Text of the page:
Low self-esteem isn’t something you’re born with. People develop low self-esteem for a variety of reasons. Regardless of the cause of poor self-image, it’s something we’ve come to believe about ourselves. Maybe you had critical parents or another family member who convinced you that you weren’t “good enough”. Perhaps you are a survivor of trauma and you are feeling weak or less than. No matter what caused you to feel this way, there are ways to boost your confidence and help you feel better about yourself.
When it comes to self-esteem, how you talk to yourself matters
When you have low self-esteem, it will get worse when you are hard on yourself. You won’t be able to control the thoughts that come into your mind about your self-image, but you have power over how to respond to them. You could think something along the lines of “I’m a failure.” That makes you feel bad about yourself naturally. According to Cognitive Behavior Therapy, this is what we call “labeling.” You are calling yourself a name because you believe you did something “wrong.” Maybe you got fired from your job, and this makes you deem yourself a loser. You’re not a loser because of one thing that happened to you. Recognize what you’re doing and stop. Reframe that thought to accurately depict the situation. “I got fired, and it’s upsetting, but I will find a new job”.
Being hard on yourself makes you feel down. Here’s a technique you can use to help yourself feel better during difficult moments. Practice self-compassion. Imagine you have the thought “No one is ever going to love me.” That’s a painful thought to have. You can help yourself feel better by practicing self-compassion. Talk to yourself as if you were speaking to a good friend. “Wow, it must be so painful for you to feel this way. I’m sorry you are hurting.” Being kind and compassionate to yourself helps you to develop a more positive self-image and better self-esteem.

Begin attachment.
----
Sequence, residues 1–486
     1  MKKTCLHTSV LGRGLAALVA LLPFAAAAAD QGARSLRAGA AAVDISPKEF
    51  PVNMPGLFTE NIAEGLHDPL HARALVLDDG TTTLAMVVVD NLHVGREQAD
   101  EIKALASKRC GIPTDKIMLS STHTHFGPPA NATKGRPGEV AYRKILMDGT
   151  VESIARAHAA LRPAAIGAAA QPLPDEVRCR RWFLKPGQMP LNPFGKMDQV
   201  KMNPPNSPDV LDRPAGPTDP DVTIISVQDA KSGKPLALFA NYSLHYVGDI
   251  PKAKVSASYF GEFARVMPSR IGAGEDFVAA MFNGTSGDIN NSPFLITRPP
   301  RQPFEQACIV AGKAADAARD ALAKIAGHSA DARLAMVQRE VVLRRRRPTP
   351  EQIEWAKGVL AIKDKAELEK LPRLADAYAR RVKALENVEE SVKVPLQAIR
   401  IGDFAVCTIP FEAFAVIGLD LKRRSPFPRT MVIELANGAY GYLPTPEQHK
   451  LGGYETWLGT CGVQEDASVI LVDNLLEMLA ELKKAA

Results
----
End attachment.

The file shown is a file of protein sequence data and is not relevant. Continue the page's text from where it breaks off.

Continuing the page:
Be an expert
We all have strengths and things that we are good at. When you engage in hobbies or activities that you’re good at, you can increase your self-esteem and confidence. Allow yourself the opportunity to thrive in a setting where you do well! Whether that’s writing, acting, running, playing tennis or fixing electronics, you are good at something. Find out what that is and do that. You’ll find yourself feeling good about you.
These are just a few ways to improve your self-esteem. Start practicing them and notice how your self-image changes over time. If you’ve been hard on yourself for a while it could take a lot of practice to break those patterns, but it is possible to view yourself differently. Remember that no one is confident all the time, but we can do our best to feel good about ourselves.
Photo courtesy of: Taylor Smith
About the author
Sarah Fader is the CEO and Founder of Stigma Fighters, a non-profit organization that encourages individuals with mental illness to share their personal stories. She has been featured in The New York Times, The Washington Post, The Atlantic, Quartz, Psychology Today, The Huffington Post, HuffPost Live, and Good Day New York.
Sarah is a native New Yorker who enjoys naps, talking to strangers, and caring for her two small humans and two average-sized cats. Like six million other Americans, Sarah lives with panic disorder. Through Stigma Fighters, Sarah hopes to change the world, one mental health stigma at a time.